Posted by Tejus Parikh on October 30, 2006

It’s often difficult to explain the complexities of building software to those who are more used to traditional manufacturing or development processes. Cranking out code just does not relate to building 1000 widgets. Therefore, we’re normally pretty hard pressed to find a way to communicate why projects seemingly always end up being over-budget and late.

This weekend’s experience with a garage door opener leads me to believe that the most applicable comparison is a home improvement project. This was supposed to be relatively simple project. I had a chain-drive opener that went bad, and a new one sitting in a box. Really, this should have involved 4 nuts. But of course, since the openers were from different manufacturers, nothing was compatible. Instead of just having to replace the drive, we replaced the rails, chain, mounting hardware, and the little warning system. Obviously, since I hadn’t planned on a massive overhaul of the system, I ended up having to make multiple trips to Lowes. Eventually, I ended up with a working door, but one that took 3x long and ended up costing a bit more than I planned. Sound familiar?

The real comparison is that like with software development, home improvment projects normally deal with areas of non-expertise. I’ve never installed a garage-door opener before. If I had, I would have done a lot of things differently, probably from the point where I bought the door. Software’s the same way. I have a good amount of experience writing software, but that’s like having a good amount of experience using a screw-driver and a drill. I know how to use the language, I know a lot about the other available libraries, but I’ve never applied them in that manner before. That’s where the real excitement and the challenge lies. Often, what seems simple on the surface opens a rabit-hole. Some times, things are as easy as they seem. You just never know how it’ll turn out until it’s done.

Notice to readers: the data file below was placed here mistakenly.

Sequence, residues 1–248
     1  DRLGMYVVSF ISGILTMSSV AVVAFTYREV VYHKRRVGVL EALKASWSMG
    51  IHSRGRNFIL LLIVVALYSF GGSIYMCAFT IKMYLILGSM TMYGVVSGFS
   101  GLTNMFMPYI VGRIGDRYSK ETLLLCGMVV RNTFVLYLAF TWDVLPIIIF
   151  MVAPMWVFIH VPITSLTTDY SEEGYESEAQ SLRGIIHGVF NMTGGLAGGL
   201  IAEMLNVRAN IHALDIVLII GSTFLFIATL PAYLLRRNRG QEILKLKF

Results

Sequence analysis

So the next time you’re boss asks what took so long, as them what happened on their last DIY project. It’ll be a good starting point to gain a common understanding.

Tejus Parikh

Tejus is an software developer, now working at large companies. Find out when I write new posts on twitter, via RSS or subscribe to the newsletter: